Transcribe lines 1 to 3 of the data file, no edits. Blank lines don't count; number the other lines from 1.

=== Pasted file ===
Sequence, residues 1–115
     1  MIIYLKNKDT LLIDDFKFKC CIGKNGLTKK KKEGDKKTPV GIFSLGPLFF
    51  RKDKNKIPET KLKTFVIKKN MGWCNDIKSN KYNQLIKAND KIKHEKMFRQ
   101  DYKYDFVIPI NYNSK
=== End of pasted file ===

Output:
Sequence, residues 1–115
     1  MIIYLKNKDT LLIDDFKFKC CIGKNGLTKK KKEGDKKTPV GIFSLGPLFF
    51  RKDKNKIPET KLKTFVIKKN MGWCNDIKSN KYNQLIKAND KIKHEKMFRQ